Singapore Exchange (SGX: S68) has been focusing on ways to improve participation from the retail market (i.e. individual investors) and it seems that its efforts have been paying off in certain ways. For the 12 months ended 30 June 2014, SGX had seen 68,000 new Central Depository (CDP) accounts added, bringing the total number to 1.6 million. In fact, SGX’s out-reach programs such as MyGateway and SGX Academy are also bearing fruits. For instance, its MyGateway service had reached 187,600 subscribes as of end May 2014, an increase of 20% from a year ago. Does all these matter…
For the 12 months ended 30 June 2014, SGX had seen 68,000 new Central Depository (CDP) accounts added, bringing the total number to 1.6 million.
In fact, SGX’s out-reach programs such as MyGateway and SGX Academy are also bearing fruits. For instance, its MyGateway service had reached 187,600 subscribes as of end May 2014, an increase of 20% from a year ago.
Does all these matter to SGX?
However, is the higher awareness for share market investing amongst retail investors going to help reverse the downtrend of the company’s securities segment?
In the company’s latest quarter, the revenue from that segment had slid by 32.5% year-on-year and was in fact the main segment within the company that underperformed.
The primary reason for the drop in revenue was due to the huge drop in total traded value for the quarter. It might seem there is still much to do for SGX to drag the securities business back to growth mode.
On that front, SGX has just launched a programme for liquidity providers and market makers. It allows both parties to enjoy discounted fees in exchange for increased liquidity for the traded securities on SGX. Along with a number of other previously-announced initiatives – such as the introduction of a circuit breaker – SGX hopes to create a safer and more efficient environment for investors in the future.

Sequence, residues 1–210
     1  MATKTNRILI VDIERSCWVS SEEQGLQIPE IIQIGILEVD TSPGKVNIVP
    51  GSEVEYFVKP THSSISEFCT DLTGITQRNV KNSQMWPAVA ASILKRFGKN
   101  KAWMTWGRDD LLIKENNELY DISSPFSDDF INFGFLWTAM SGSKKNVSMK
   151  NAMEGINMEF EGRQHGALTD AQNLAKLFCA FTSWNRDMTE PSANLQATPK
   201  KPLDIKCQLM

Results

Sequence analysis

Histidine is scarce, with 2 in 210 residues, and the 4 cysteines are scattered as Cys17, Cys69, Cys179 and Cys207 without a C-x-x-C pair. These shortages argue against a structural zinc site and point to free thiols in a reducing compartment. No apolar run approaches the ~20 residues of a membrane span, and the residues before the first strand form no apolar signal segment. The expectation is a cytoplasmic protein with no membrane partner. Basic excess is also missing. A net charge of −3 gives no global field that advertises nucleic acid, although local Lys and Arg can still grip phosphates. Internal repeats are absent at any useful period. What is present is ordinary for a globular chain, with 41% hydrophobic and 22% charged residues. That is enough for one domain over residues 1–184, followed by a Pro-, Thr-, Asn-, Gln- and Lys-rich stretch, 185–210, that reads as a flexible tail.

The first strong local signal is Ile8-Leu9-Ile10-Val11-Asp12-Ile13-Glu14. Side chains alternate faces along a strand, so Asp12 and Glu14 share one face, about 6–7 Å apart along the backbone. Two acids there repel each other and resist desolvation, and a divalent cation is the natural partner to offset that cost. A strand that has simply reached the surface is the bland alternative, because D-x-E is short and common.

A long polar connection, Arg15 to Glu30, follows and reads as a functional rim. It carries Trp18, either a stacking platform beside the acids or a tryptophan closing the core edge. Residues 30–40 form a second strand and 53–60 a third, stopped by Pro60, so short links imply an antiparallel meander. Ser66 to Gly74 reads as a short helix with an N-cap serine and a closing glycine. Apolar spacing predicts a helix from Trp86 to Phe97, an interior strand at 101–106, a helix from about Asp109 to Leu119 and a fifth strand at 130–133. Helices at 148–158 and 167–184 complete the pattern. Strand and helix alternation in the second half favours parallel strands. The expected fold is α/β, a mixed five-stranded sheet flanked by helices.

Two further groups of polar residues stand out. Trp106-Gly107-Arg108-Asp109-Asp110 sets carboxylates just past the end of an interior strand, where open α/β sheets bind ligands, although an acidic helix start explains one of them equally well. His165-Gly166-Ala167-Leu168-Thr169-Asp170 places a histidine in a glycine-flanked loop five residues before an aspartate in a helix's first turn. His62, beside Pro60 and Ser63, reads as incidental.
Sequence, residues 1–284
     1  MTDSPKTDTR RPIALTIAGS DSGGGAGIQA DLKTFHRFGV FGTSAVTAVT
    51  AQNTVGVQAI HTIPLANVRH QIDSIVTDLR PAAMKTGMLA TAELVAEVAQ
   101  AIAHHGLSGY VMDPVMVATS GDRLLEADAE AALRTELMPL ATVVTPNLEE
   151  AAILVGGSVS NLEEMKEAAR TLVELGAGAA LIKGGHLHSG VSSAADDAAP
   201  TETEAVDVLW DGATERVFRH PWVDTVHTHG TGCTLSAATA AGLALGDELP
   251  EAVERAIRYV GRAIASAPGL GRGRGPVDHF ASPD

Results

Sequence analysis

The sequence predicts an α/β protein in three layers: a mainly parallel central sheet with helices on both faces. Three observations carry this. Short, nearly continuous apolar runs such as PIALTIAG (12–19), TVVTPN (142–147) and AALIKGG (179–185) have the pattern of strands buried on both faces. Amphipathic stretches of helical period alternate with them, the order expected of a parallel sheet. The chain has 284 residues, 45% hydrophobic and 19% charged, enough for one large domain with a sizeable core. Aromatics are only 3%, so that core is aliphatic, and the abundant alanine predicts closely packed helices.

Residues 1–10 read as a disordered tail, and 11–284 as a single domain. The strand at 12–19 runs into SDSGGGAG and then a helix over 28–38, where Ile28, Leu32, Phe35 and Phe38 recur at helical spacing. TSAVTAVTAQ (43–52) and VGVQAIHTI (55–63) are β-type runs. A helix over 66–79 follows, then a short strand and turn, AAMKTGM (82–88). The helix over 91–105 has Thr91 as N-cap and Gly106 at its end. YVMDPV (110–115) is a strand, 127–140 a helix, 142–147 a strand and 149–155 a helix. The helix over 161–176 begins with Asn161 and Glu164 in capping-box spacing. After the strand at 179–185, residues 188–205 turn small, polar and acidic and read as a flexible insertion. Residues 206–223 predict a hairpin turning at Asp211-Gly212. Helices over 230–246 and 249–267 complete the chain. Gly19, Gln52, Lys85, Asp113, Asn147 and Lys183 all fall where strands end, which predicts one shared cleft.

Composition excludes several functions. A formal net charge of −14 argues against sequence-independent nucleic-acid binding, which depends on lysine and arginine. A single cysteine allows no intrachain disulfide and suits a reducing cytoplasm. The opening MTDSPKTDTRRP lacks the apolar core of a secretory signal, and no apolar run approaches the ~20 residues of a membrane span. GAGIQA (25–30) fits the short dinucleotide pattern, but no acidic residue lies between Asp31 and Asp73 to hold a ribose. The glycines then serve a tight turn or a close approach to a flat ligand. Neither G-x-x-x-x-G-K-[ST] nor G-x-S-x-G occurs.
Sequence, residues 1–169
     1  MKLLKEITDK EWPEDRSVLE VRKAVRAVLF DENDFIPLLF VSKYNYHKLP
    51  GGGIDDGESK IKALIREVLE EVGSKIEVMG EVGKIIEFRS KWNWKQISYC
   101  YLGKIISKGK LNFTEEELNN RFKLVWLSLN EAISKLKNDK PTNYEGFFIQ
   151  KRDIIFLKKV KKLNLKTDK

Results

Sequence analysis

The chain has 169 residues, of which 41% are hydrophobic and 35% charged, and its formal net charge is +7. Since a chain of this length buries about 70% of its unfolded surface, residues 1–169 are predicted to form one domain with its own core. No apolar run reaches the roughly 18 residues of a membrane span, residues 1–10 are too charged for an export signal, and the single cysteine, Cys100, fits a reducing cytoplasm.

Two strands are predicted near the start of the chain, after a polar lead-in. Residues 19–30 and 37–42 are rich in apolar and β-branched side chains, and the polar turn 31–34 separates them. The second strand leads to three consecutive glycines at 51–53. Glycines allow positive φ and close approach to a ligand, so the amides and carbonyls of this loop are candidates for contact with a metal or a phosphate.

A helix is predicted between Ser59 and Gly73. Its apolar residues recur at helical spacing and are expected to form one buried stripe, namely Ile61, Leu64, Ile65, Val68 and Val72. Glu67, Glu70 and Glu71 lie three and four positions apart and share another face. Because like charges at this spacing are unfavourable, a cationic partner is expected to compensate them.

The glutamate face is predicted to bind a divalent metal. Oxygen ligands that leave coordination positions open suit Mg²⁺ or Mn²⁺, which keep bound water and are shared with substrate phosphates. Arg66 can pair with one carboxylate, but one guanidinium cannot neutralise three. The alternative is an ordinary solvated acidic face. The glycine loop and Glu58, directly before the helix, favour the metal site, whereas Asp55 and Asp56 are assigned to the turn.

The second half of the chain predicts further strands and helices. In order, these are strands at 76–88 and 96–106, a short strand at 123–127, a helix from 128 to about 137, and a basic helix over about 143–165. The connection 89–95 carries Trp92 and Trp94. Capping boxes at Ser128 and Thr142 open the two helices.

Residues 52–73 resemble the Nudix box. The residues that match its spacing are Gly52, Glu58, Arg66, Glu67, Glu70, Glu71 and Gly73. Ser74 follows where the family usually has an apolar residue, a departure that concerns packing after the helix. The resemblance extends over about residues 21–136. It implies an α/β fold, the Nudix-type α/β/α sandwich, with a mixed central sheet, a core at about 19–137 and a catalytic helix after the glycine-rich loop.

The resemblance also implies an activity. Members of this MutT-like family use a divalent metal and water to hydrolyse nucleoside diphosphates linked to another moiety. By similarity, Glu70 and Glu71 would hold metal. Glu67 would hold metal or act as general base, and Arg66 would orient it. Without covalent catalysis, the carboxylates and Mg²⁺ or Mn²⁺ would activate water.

Faster trading in Singapore?
SGX has started investing in its own technological capabilities so as to serve a special sector of clients; high frequency traders. According to The Edge Singapore, the company has actually gained such technology back in 2011. However, due to the possibility of stricter regulations on high frequency trading operations, it’s hard to say how it might indirectly affect SGX’s bid to attract such new clients.
The company has seen its share price fluctuate around the S$7.00 range since its failed merger with the Australia Stock Exchange back in 2011. Even at its current price of S$6.95, Singapore Exchange is still valued at 22.5 times its trailing earnings. For a company with falling earnings (profit for SGX in its latest quarter had fallen by 22.4% to S$75.8 million), it seems that the market is still expecting a strong turnaround from SGX in the future.
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The information provided is for general information purposes only and is not intended to be personalised investment or financial advice. Motley Fool Singapore contributor Stanley Lim doesn’t own shares in any companies mentioned.